HEALTH

HHS discusses initiatives prompted by President Obama’s Memorandum on Transparency and Open Government

BY Michael Johnsen

WASHINGTON The Department of Health and Human Services on Wednesday described how the agency is following through on President Barack Obama’s three principles for promoting a transparent and open government — transparency, participation and collaboration — citing the YouTube PSA contest for promoting the H1N1 vaccine as one example. Other examples included information streaming of HHS biomedical research innovation and IdeaLab, an Web-based peer-to-peer program that serves as a clearinghouse for collaborative networking for employees of the Centers for Disease Control and Prevention.

“These examples illustrate our commitment to the President’s vision of promoting accountability, collaboration and public engagement,” stated HHS Secretary Kathleen Sebelius.  “By working together in a transparent manner, we have developed programs that are making real contributions to creating and adopting impactful solutions that protect and improve people’s health.”

The “YouTube Know What to Do About the Flu and Prevention PSA Contest” reached populations most vulnerable to the H1N1 flu virus — young teens and adults — to take proactive actions such as washing your hands and getting a flu shot. The PSA contest provided a venue to encourage families and students to get involved and reached a large audience with a creative outlet and humor, on a serious subject. More than 250 videos were submitted for review and the winning PSA was featured on national television. 

“Our PSA Contest tapped the creativity and energy that thrives on YouTube,” stated acting assistant secretary for public affairs Jenny Backus. “We engaged people and they in turn engaged each other.  Our important messages about how to prevent the flu reached a new audience of people at increased risk from the H1N1 virus.”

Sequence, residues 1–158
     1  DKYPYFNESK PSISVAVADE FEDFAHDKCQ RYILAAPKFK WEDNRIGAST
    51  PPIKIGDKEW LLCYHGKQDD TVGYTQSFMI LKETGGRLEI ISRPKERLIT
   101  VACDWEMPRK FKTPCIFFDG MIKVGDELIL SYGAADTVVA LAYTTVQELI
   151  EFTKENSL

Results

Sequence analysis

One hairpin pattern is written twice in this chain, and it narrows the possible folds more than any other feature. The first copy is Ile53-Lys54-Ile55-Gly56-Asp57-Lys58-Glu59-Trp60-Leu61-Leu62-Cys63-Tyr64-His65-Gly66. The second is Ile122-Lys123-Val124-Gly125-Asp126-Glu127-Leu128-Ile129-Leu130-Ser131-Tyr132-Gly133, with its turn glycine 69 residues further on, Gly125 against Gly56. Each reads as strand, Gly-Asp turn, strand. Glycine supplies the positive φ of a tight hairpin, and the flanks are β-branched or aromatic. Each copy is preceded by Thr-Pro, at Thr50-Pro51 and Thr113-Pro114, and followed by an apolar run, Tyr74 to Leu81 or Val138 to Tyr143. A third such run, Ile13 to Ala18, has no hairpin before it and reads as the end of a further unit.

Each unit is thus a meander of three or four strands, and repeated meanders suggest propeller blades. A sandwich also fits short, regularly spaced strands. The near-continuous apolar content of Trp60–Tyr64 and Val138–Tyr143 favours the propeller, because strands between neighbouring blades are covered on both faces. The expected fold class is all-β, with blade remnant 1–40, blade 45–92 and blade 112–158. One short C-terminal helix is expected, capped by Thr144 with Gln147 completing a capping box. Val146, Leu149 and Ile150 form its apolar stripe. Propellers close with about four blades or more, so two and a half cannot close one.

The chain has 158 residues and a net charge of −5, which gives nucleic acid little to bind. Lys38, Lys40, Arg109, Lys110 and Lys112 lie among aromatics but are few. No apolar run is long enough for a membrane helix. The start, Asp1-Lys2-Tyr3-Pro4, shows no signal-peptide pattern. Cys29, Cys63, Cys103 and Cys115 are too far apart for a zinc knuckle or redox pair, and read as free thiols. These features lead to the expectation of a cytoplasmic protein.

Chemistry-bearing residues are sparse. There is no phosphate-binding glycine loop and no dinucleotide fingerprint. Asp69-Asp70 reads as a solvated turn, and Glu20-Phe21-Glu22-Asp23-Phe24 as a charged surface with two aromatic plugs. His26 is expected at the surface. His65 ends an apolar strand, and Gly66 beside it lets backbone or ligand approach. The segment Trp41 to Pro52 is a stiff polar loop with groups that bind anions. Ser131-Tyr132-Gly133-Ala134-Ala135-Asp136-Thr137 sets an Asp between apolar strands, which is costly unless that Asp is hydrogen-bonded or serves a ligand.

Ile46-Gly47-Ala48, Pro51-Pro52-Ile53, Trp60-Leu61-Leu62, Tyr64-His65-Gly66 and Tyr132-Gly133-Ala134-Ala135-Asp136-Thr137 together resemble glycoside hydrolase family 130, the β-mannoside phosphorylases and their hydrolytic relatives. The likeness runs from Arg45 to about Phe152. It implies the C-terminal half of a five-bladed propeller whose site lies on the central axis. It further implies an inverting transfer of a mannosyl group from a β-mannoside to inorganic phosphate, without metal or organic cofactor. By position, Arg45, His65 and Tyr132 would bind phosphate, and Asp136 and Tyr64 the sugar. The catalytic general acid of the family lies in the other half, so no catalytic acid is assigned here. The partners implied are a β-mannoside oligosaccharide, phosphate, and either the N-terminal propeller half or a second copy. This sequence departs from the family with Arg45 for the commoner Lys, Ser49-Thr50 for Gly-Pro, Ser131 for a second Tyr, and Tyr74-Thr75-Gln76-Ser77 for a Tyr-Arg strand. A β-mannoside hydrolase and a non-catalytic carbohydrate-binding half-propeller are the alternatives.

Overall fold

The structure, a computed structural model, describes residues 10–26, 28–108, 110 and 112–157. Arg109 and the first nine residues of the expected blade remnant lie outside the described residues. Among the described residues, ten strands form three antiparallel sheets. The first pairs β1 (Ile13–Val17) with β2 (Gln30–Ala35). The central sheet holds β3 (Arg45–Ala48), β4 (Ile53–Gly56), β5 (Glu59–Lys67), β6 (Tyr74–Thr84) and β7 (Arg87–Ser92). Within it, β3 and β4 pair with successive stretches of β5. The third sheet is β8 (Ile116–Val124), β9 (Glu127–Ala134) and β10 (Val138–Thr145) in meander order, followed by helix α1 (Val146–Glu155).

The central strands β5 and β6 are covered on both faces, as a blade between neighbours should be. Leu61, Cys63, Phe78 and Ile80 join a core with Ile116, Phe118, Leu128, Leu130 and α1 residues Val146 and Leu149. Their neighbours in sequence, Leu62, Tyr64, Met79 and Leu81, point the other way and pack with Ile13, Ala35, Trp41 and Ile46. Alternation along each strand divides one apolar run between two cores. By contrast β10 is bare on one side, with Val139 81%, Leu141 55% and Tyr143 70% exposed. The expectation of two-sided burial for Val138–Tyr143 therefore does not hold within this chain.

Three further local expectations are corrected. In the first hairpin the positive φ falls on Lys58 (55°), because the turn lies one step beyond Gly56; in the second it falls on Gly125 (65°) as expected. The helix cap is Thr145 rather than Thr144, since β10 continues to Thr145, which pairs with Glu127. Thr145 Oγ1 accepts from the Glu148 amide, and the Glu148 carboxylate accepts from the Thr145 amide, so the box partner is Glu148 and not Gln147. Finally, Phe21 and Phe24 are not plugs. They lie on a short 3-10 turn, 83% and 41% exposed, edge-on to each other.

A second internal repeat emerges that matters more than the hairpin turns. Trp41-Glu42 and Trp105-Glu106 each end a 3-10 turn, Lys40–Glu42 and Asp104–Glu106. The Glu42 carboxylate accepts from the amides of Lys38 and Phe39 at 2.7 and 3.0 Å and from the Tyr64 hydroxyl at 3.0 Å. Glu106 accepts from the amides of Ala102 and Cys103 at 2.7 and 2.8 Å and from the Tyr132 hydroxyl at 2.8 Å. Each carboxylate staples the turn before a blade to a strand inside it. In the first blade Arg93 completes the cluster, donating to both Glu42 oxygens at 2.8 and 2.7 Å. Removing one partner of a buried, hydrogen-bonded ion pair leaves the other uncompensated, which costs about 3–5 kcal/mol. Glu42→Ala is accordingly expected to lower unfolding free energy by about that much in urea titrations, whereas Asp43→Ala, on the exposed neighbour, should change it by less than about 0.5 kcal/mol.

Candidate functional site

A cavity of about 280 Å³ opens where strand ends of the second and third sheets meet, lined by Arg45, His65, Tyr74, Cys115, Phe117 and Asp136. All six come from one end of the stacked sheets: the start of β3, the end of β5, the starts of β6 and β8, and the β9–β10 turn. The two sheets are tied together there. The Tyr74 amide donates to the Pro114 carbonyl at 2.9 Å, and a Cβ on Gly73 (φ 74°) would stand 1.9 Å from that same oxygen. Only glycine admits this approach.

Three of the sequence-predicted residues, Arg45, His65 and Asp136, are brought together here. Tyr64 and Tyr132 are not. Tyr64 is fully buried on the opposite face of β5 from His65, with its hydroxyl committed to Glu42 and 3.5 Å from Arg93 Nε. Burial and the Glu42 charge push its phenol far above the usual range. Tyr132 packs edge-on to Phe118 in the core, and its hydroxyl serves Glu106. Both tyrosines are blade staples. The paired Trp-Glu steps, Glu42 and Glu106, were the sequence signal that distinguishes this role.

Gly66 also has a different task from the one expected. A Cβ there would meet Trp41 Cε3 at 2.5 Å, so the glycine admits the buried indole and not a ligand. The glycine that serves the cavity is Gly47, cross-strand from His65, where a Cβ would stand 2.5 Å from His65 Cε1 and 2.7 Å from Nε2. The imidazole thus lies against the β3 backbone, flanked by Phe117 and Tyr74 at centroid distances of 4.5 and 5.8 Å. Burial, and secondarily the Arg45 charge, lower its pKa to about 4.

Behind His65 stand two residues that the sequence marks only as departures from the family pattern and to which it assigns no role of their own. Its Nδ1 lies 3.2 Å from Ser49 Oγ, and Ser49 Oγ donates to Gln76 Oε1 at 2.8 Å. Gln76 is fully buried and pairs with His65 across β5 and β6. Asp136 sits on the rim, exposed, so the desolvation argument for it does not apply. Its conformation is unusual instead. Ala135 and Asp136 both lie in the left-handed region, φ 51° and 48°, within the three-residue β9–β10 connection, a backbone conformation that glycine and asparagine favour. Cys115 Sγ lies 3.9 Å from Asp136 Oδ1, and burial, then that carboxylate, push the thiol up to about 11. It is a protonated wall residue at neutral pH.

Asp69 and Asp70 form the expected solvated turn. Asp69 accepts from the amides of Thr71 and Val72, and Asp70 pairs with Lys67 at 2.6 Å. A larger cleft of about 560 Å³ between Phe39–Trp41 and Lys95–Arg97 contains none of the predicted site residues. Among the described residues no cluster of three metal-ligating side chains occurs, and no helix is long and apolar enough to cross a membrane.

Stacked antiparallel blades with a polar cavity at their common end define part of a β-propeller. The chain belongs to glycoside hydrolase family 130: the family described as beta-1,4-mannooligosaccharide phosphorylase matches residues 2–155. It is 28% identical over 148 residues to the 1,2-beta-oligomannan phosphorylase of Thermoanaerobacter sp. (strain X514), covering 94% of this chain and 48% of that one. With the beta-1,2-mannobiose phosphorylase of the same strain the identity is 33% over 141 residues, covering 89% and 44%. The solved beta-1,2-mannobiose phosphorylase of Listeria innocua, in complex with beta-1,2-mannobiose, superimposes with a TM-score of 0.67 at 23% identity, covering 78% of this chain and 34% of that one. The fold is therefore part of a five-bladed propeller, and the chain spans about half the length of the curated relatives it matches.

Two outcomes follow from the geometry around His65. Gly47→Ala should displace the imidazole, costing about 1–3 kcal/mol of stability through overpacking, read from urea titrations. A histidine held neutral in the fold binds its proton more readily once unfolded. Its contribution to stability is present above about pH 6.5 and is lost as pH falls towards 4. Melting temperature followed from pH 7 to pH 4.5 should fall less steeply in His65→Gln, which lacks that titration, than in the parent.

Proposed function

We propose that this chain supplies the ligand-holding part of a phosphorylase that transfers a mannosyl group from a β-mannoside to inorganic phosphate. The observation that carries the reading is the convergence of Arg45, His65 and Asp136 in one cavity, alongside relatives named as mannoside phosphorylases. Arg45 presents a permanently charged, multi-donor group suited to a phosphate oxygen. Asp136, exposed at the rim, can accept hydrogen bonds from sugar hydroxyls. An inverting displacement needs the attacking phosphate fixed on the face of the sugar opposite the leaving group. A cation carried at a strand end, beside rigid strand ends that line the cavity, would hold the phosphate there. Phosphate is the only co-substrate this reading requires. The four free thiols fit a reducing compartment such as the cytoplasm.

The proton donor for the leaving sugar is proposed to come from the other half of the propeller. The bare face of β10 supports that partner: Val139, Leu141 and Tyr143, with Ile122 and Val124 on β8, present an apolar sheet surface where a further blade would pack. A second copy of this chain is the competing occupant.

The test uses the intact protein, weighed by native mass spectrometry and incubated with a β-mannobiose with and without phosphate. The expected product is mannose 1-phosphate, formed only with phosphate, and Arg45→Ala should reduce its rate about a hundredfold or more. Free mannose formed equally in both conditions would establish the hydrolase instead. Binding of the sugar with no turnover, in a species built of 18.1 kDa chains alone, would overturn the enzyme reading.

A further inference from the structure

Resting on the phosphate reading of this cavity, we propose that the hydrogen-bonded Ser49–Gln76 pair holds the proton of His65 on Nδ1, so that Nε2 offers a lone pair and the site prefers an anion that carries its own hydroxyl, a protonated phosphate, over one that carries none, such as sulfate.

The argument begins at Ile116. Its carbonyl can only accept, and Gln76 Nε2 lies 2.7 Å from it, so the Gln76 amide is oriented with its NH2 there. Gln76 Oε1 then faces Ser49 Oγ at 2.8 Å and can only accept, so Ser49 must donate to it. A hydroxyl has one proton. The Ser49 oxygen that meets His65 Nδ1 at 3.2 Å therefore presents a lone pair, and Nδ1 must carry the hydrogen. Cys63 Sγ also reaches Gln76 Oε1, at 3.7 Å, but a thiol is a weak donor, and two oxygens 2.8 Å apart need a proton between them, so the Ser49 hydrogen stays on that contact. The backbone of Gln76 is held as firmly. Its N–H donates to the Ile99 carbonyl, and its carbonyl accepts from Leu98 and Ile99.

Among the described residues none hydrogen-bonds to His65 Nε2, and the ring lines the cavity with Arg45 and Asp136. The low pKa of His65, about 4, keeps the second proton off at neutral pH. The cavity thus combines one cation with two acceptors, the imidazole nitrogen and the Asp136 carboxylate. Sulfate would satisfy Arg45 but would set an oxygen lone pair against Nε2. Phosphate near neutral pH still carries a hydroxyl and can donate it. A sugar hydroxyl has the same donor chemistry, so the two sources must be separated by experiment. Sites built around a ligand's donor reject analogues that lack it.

These initiatives are in direct response to the Memorandum on Transparency and Open Government the President issued on Jan. 21.

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HEALTH

Research notes lack of vitamin D in one’s diet can lead to serious conditions

BY Michael Johnsen

BOSTON New research underscores that having too little vitamin D can contribute to heart disease, brittle bones, breast cancer, prostate cancer, depression and memory loss, according to the December 2009 issue of the Harvard Heart Letter.

Following are some of the highlights:

  • Calcium deposits that stiffen the arteries are more likely to develop in people with low levels of vitamin D. In one study, men low in vitamin D were twice as likely to develop heart disease;
  • Vitamin D decreases the kidneys’ production of renin, a hormone that boosts blood pressure. Several studies suggest that low vitamin D contributes to high blood pressure, and that getting more of the vitamin can help control blood pressure;
  • Some people who take a cholesterol-lowering statin stop because of muscle pain. In a study of 128 men and women with statin-related muscle pain, two-thirds of them had low vitamin D levels. Among those who took a vitamin D supplement, muscle pain disappeared in 90%;
  • Preliminary trials suggest that too little vitamin D can leave the body prone to infection, and having enough in circulation can help the body fight off the flu, tuberculosis and infections of the upper respiratory tract.

The Harvard Heart Letter noted that supplements are the best way to get vitamin D.

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Duane Reade keeps H1N1 protection a high priority

BY Alaric DeArment

NEW YORK The Duane Reade at 57th St. & 6th Ave. in Manhattan is selling bottles of hand sanitizer from bowls mounted atop the stanchion posts near the cash registers. Though fears of H1N1 have not yet faded, the onset of the normal flu season still makes hand sanitizers an essential item, thus warranting their placement in such prime retail estate.

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